I see the same concerns about moving to Canada come up all the time. If you have a question that isn’t answered here, you can ask in the comments or check out these great resources for immigration help.
Do I need an immigration attorney?
Nope. Canada has designed its immigration and visa programs for people to do on their own, without an immigration consultant or attorney.
Of course, there are lots of things you can do on your own that you might choose not to do, like your taxes or your laundry. If you decide to hire a professional to guide you through the process, make sure they’re accredited. Here’s how to find a certified immigration consultant. I went through the Express Entry process on my own, so I can’t suggest what professional you should hire.
Remember that hiring an attorney or consultant won’t speed up the process or guarantee that you’ll be approved. Just like H&R Block will only get you the tax return you already qualify for, hiring a professional will simply reduce the likelihood that you might make a mistake on your application.
Do I need a job offer to move to Canada?
I immigrated to Canada as a permanent resident through Express Entry without a job offer. You’ll get additional CRS points for a qualifying job offer, but you can easily have enough points without one.
I kept the same job I had while living in the US, but did not receive any CRS points and had to provide proof of funds.
Do I need to speak French to move to Canada?
No, but being fluent in French does improve your chances. If you’re applying for Express Entry, it’s a great way to boost your score.
You do need to prove that you can speak French in order to immigrate to Quebec.
While French isn’t a requirement for living in most of Canada, it increases your marketability as an employee, especially in Quebec and New Brunswick. If you don’t speak French already, you can take free French classes once you arrive in Canada.
Which immigration programs do I qualify for?
There are a ton of different ways you can move to Canada. You might be a Canadian citizen already and not realize it. You might qualify to apply for permanent resident status. You might be able to get a temporary residency through work or school and use that as a pathway to Canadian citizenship. You can read about all the ways you can legally move to Canada or take this quiz.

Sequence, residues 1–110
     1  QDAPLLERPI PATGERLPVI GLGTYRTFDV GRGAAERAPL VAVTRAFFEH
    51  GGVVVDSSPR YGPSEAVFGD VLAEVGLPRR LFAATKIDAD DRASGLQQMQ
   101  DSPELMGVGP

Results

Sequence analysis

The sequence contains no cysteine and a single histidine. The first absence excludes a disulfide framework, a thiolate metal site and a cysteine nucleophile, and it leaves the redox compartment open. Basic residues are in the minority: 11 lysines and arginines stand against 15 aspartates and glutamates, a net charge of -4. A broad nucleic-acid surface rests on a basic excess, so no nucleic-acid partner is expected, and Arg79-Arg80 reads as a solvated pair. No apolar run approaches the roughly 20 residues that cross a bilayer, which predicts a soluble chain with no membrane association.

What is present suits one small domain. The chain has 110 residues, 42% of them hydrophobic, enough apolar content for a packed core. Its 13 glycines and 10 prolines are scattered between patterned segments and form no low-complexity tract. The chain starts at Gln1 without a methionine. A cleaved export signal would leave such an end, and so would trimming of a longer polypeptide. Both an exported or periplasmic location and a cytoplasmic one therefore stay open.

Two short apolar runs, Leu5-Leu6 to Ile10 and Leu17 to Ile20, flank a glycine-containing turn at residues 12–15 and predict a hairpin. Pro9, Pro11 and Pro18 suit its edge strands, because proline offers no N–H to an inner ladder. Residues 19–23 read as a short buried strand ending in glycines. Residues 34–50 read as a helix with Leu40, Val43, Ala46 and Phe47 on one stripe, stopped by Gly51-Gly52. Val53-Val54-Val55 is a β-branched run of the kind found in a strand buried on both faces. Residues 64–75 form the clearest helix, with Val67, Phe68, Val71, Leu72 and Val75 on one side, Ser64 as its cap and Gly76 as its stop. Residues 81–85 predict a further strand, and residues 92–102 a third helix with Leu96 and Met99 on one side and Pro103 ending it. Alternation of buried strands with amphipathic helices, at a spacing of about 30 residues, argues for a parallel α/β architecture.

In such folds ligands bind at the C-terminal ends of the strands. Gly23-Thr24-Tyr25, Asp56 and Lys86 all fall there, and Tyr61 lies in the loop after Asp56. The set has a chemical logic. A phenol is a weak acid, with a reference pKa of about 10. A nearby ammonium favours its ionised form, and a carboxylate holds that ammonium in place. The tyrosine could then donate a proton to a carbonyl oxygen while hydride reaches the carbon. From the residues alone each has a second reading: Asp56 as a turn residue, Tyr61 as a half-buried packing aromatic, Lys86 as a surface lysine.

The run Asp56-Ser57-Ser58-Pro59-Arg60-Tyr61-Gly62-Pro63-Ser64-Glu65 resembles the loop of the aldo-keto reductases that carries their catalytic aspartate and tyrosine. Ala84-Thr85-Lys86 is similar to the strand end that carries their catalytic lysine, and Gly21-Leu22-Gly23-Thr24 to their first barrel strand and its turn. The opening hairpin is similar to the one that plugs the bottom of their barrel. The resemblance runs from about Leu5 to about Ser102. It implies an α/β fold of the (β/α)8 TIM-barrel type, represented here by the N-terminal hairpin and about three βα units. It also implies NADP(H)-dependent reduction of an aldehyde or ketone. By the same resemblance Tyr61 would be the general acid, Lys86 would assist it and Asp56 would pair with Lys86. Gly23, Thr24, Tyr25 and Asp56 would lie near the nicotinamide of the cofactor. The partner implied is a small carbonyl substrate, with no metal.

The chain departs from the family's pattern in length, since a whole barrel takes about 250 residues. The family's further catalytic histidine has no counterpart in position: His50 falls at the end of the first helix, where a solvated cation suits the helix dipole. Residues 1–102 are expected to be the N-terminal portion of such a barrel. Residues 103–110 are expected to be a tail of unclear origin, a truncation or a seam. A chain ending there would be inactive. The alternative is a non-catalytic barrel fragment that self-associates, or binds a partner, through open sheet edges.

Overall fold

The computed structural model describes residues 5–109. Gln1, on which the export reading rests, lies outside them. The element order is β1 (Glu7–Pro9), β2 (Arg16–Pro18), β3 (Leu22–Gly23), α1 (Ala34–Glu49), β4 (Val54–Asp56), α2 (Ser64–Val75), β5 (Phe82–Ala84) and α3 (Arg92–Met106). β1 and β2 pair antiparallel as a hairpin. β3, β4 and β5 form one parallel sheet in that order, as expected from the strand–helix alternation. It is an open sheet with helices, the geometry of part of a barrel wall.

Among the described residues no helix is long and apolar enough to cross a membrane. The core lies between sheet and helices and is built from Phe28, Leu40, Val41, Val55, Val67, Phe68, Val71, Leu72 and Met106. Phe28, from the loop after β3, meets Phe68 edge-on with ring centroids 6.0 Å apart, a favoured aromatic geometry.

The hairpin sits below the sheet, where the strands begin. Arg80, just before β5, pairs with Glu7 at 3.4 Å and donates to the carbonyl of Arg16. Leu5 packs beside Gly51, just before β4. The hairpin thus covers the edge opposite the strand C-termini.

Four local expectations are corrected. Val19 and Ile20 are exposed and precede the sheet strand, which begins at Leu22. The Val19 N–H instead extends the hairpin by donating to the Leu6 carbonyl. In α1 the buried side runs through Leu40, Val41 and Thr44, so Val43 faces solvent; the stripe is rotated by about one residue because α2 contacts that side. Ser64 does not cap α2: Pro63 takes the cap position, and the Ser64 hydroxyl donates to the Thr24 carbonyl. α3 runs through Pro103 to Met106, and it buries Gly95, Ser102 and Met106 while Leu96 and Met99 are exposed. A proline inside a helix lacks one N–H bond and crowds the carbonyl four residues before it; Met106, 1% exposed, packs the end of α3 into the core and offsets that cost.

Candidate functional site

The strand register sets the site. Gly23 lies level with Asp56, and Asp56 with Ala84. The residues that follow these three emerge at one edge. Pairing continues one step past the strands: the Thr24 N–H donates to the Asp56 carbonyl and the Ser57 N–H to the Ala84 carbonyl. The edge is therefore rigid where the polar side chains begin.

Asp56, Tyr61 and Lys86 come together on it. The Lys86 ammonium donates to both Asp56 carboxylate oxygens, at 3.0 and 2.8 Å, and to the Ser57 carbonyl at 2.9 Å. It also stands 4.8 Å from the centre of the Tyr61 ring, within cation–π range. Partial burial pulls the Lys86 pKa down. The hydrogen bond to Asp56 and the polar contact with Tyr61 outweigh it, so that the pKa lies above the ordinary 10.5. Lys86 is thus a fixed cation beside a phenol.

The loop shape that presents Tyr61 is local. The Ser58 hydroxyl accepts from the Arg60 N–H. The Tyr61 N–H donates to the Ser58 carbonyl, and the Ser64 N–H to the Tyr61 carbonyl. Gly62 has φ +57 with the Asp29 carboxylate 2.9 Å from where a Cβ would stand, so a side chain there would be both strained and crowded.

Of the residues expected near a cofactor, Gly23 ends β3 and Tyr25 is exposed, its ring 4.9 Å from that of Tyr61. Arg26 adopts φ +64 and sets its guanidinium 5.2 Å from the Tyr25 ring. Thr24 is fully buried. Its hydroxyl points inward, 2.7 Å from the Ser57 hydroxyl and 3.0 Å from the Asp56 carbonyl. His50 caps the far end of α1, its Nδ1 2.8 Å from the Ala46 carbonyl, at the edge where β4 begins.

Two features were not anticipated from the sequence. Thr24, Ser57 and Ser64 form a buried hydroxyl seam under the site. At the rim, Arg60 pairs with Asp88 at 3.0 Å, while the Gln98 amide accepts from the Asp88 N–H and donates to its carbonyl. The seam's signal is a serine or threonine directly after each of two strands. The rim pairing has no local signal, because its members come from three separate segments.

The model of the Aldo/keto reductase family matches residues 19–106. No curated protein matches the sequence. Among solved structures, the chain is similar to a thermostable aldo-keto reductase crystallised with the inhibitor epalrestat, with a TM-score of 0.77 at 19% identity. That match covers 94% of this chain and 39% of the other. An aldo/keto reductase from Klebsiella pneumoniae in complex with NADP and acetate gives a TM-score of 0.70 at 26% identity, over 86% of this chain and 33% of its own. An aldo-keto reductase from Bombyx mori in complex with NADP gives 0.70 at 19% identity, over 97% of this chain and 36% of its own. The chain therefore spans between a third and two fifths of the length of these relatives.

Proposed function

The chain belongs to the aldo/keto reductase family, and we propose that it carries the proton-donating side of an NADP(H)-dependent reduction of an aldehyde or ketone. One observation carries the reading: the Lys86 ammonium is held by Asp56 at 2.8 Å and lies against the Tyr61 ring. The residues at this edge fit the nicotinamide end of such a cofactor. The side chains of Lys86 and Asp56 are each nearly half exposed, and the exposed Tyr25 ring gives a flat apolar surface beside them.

Do I qualify for Express Entry?
If you’re under 35, have a degree, and have two or more years of work experience in an office job or skilled trade, you’ll probably qualify for Express Entry without a job offer.
Does your job qualify you? Check your NOC code and see if your job is 0, A, or B.
One quick way to check is to use a third-party calculator tool to see how many points you’d probably get. This is a great way to decide if it’s worth entering the Express Entry pool. If you have 450 points or more, you’re almost certain to get an invitation to apply in the next draw or two.
The closer you are to 450 points, the better your chances. If you have less than 450 points, check what recent score cutoffs have been. Sometimes they dip quite low. You can also look into provincial nomination programs and other ways to increase your score.
How does Express Entry work?
The Express Entry process can seem pretty complicated, since there are several steps involved and lots of jargon. Here’s a flowchart to show you Express Entry it works.
How can I increase my points for Express Entry
Your CRS score is mostly based on things you can’t easily change: age, education, language, and work history. Here are the best ways to increase your CRS score.
How much money do I need for Express Entry?
If you have a qualifying job offer and already have a work permit, you don’t need to show proof of funds. You’ll only have to pay the cost of your application (plus any paperwork you need to support the application) and whatever actual expenses you have for moving and getting settled into your new place. My article on Express Entry shows exactly how much I paid for my paperwork and application.
If you are moving up without a job offer, you’ll need to provide proof that you have money to support yourself and your family while you look for work. The CIC sets this amount, based on the number of people in your family. You’ll need to provide proof that you can support your family, even if they are not coming with you to Canada.